Share Incentive Plans (SIPs)
A Share Incentive Plan allows companies to offer all their employees shares on flexible and tax-advantaged terms. All employees must be invited to participate (subject to a qualifying service period set by the company of up to 18 months).
There are a number of ways shares can be offered under a SIP. Employees can:
- Accept an offer of shares (free of charge) with a market value of up to £3,600 per tax year ("Free Shares").
- Purchase shares in the plan company using up to £1,800 of (pre-tax) earnings per tax year ("Partnership Shares"); and/or
- Accept an appropriation of shares (free of charge) on the basis, which must be the same for all qualifying employees, of up to 2 free shares for every 1 Partnership Share acquired out of gross salary ("Matching Shares").
Dividends paid on SIP shares can also be reinvested free of tax.
It is possible to use all these methods together, although not many companies do. The limit on the value of shares may also be capped by the company. It is worth bearing in mind that research by ifs Proshare shows that even a small offering of Matching Shares can significantly increase the takeup by employees of invitations to invest in Partnership Shares.
As long as shares are held in the SIP, they must be held by a plan trustee on behalf of employees in a SIP trust for this purpose.
As part of government efforts to encourage employee ownership, the tax advantages attaching to SIPs are:
- No income tax on the award of Free or Matching Shares
- Partnership Shares acquired out of pre-tax salary (in a similar way to pension or salary sacrifice arrangements)
- No income tax on dividends reinvested in Dividend Shares
- No capital gains tax as long as shares continue to be held within the SIP.
The employer company can also claim relief from CT for an amount equal to the market value of the shares at the time they are acquired by the plan trustee, but the relief is given only at the time the shares are subsequently awarded as Free or Matching Shares.
Matching and Free Shares must be subject to a holding period set at between 3 and 5 years. The company may provide that Matching and Free shares be forfeited for no value if the employee leaves within a period fixed at up to 3 years.
Awards of Free and Matching Shares may be linked to performance.
If any SIP shares cease to be held in the plan within 5 years, either because the employee leaves or in certain other circumstances, then there may be charges to income tax and NICs, unless the employee leaves by reason of injury, disability, redundancy, TUPE transfer, the employer company being sold outside the group, death in service, or retirement.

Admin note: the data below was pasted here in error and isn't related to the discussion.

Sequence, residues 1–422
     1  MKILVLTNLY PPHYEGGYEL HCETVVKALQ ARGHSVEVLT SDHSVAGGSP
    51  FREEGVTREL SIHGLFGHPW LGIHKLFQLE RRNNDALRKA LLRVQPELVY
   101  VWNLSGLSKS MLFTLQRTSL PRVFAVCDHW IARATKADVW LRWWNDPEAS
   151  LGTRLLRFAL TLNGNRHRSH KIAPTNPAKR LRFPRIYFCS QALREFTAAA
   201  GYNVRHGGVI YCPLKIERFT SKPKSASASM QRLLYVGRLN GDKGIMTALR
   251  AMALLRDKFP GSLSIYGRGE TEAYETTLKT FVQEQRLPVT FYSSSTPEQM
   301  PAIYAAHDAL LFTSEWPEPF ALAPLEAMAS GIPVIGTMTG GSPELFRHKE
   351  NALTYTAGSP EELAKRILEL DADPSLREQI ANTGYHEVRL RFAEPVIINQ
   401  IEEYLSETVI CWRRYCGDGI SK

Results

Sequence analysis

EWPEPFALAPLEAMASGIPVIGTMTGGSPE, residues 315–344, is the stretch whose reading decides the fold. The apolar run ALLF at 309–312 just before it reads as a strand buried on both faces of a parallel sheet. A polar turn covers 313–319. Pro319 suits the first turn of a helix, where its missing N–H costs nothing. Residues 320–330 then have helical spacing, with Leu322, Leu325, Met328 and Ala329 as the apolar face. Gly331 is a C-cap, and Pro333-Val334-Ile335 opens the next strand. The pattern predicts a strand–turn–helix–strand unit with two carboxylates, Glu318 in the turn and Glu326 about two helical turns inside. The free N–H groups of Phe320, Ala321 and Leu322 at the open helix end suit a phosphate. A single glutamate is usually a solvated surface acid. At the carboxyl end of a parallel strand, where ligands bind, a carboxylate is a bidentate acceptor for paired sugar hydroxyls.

- If the shares cease to be held in the plan within 3 years, income tax (and, if relevant, NICs) is charged on the market value of the shares at that time.
- If it is more than 3, but less than 5 years, then tax is charged on the initial market value of the shares as at the time of acquisition (or, in the case of Partnership Shares, the amount deducted from salary to acquire them) or, if less, their market value at the time of withdrawal.
No tax is charged on a forfeiture of Free or Matching Shares.
SIPs are commonly used by quoted companies to offer a large pool of employees the opportunity to hold shares, with the assistance of a professional share plan administrator.
An independent unquoted company which qualifies to establish a SIP should consider carefully establishing a simplified SIP which provides only for employees to acquire Partnership Shares out of gross salary. This allows employees to benefit from the generous tax reliefs afforded to SIPs and to realise value along with the main shareholders on an exit.
A very simple SIP such as this, used for a single round of Partnership Shares awards for employees who put their efforts into building the company at an early stage, can be administered cheaply in-house with relatively minor assistance from the company’s accountants. Because HMRC will agree significant discounts to the value of small holdings in a private company, £1,800 worth of shares can go a long way – and can be a significant motivator for employees to feel that they are on the same page as the company’s owners.
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